A literature review utilizing the key words “type B dissection”, “behavioral effects” and “medical treatment” revealed no studies done on the behavioral effects of treating Type B aortic dissections with antihypertensive medications. Furthermore this search revealed that there were no studies performed that compared the behavioral effects of different classes of antihypertensive medications being used to treat Type B aortic dissections (Chan, Lai, & Wright , 2014). A literature search using the key words “antihypertensive medication” and “behavioral effects” did result in articles published in the 1980’s and 1990’s, on the behavioral effects of various hypertensive medications. Most of these studies focused on the behavioral effects of one class of antihypertensive medication (Bird, Blizard, & Mann, 1990; Blumenthal , et al., 1988; Callender, Hodsman, Hutcheson, Lever, & Robertson, 1983; Conant , et al., 1989; McAnish & Cruickshank, 1990). However as one summary article stated, while these articles generally found no negative impacts on behavior, most of the articles utilized a patient sample of less than 20. (Muldoon, Manuck, Shapiro, & Waldstein, 1991). Therefore due to this finding, and the lack of research on the behavioral effects of treating type B aortic dissections medically, there is a need for further studies involving antihypertensive medications and their behavioral effects, especially when used to treat Type B aortic dissections.

The purpose of this study was to observe possible behavioral consequences of treating Type B aortic dissections medically, in order to determine the frequency of these behavioral consequences, and thus stimulate interest in further research involving randomized controlled trials.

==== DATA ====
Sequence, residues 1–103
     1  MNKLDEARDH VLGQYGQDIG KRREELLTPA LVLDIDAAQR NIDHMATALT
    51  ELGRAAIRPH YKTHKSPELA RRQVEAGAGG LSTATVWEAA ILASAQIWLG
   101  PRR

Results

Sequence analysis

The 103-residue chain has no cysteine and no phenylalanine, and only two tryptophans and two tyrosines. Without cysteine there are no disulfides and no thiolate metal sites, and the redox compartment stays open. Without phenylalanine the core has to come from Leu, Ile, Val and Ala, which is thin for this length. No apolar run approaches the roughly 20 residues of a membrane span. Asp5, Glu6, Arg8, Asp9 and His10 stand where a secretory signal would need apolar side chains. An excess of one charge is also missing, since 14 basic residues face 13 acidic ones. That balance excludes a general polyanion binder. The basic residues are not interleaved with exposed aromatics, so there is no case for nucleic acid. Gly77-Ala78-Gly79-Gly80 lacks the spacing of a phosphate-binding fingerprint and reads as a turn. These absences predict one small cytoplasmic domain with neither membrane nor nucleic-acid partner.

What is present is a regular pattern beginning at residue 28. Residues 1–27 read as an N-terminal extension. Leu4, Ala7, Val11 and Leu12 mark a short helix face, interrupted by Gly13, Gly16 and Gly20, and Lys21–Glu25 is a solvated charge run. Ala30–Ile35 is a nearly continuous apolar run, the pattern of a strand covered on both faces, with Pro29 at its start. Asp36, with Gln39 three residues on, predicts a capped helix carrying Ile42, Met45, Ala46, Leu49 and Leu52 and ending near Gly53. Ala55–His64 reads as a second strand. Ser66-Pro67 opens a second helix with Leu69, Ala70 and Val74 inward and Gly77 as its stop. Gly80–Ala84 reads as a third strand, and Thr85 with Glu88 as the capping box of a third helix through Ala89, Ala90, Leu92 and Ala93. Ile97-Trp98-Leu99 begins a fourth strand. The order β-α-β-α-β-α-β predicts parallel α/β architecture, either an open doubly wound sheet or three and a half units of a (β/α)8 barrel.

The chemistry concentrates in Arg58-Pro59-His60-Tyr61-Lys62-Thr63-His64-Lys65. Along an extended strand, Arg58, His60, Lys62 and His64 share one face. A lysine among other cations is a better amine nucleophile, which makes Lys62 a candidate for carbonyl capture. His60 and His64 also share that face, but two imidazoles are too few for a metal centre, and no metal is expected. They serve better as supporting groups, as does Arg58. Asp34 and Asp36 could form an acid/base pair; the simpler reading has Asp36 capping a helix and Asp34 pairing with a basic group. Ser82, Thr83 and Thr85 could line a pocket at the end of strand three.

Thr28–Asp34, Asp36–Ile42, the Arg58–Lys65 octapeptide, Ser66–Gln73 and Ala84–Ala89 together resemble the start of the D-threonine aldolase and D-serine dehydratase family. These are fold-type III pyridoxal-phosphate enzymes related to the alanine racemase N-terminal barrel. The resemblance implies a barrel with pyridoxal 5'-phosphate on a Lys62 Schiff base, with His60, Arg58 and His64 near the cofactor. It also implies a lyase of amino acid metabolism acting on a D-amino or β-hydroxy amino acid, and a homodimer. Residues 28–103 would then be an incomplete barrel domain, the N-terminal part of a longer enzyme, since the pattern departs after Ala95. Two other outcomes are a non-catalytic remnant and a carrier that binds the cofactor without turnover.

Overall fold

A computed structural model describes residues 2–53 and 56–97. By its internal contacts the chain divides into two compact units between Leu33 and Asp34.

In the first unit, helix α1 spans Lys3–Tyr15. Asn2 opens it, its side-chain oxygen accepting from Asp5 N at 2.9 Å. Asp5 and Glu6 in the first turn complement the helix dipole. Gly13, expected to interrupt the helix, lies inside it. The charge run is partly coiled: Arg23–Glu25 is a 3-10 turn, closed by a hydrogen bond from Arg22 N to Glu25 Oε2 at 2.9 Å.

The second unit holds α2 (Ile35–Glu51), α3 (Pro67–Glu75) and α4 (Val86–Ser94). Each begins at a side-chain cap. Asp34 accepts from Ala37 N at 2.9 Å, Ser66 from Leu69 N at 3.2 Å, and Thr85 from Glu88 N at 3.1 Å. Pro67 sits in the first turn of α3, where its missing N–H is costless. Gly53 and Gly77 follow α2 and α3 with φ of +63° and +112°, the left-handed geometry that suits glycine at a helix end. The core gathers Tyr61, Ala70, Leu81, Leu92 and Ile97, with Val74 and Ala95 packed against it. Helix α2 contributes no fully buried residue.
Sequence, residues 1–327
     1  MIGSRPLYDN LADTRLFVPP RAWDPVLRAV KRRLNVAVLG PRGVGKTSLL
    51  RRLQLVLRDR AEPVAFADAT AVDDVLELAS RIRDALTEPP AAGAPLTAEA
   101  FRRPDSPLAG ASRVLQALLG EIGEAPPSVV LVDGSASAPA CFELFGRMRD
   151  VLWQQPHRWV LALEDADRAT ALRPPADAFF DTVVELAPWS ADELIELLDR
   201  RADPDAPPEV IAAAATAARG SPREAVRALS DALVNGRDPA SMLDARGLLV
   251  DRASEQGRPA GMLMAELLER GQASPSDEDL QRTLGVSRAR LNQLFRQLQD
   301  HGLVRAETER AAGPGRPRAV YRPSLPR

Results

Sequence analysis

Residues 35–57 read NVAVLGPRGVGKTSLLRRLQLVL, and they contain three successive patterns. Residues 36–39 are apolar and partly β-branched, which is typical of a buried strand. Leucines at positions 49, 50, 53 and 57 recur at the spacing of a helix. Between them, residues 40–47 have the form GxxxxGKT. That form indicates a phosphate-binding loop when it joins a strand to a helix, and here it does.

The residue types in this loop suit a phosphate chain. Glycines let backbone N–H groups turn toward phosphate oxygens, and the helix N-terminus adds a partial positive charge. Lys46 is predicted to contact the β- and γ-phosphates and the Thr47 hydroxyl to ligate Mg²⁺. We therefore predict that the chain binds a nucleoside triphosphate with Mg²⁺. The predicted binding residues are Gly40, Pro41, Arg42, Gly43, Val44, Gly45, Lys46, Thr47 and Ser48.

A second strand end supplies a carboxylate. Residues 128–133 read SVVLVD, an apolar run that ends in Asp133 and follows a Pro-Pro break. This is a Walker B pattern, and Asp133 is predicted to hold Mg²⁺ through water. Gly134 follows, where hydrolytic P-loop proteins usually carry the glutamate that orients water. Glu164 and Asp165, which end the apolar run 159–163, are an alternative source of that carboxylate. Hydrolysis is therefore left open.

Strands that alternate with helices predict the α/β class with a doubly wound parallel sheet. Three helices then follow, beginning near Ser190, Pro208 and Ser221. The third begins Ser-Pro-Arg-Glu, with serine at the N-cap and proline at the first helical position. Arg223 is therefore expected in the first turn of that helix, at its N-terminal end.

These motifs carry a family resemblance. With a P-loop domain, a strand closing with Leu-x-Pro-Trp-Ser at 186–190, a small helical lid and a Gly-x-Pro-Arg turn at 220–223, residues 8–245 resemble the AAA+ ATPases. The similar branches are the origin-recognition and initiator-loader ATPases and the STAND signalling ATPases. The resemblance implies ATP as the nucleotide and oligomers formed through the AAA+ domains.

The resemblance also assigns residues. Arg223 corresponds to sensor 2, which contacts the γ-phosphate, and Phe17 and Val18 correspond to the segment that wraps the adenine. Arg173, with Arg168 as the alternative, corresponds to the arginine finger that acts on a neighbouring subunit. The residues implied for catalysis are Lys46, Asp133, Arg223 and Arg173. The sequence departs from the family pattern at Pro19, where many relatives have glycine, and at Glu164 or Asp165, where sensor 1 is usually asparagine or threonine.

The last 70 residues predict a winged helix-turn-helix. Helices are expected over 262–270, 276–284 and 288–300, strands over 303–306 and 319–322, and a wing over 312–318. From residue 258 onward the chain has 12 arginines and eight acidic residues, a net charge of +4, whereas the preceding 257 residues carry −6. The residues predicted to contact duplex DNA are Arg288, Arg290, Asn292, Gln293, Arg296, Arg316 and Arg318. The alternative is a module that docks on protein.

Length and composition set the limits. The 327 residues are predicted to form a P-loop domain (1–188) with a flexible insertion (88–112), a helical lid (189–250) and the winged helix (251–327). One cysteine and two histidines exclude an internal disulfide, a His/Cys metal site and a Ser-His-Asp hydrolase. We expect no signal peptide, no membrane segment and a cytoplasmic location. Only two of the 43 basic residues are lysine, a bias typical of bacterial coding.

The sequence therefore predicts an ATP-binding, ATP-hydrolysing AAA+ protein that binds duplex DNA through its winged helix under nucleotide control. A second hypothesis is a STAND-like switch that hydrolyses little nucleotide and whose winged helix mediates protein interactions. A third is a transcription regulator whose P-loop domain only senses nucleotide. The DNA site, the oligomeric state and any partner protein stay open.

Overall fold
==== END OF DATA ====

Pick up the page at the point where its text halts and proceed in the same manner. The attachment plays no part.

This study was a retrospective study initially involving 244 patients selected from the hospital database. Patients were sorted based off of the following inclusion criteria: (1) Patient had to have Type B aortic dissection (versus Type A), (2) Patient had to be treated medically versus surgically, and (3) Patient could not have any history of behavioral disorders (stroke, dementia, etc.) before being treated for their Type B dissection. Of the 244 initial patients, 109 were found to present with type B aortic dissections. Of these 109, 104 patients were treated medically and did not have any major behavioral disorders prior to hospital treatment.

These patients’ medical records were then examined to determine if any behavioral changes after administration of antihypertensive medications could be observed. These changes were entered into a database, using the following selection options: anxiousness/restlessness, depression, disorientation, dizziness/lightheadedness, fatigue, hallucinations, headache, nausea, none found, "shakes", slurred/garbled speech and syncope. These categories were selected from common side effects listed for the major classes of antihypertensive medications found on Harvard Medical School’s health publication site (Medications for Treating Hypertension, 2009). If a new behavioral category, not seen in prior patients was discovered while reviewing the patients’ charts, this was added to the category set as well. Behavioral effects for each patient were only recorded if they didn’t present with those symptoms prior to hospitalization. For example, if a patient had a history of fatigue and then experienced fatigue, nausea, and dizziness while being treated, then only nausea and dizziness were recorded. A histogram was then constructed to show the relative frequency of the behavioral effects observed, along with a pie chart that compared the number of patients with behavioral effects found to the number of patients that had not observed behavioral effects.


Table 1 Summary of Patient Demographics

Total Patients with Medically Treated Type B Aortic Dissection


Number with Behavioral Effects


Number of Males


Number of Females


Date Range

2004-2014 (10 Years)

Age Range

21-94 (73 years)

Median Age

68 ± 16 years

Number of Deaths


Figure 1 This figure displays the frequency of a given behavioral effect seen in the study population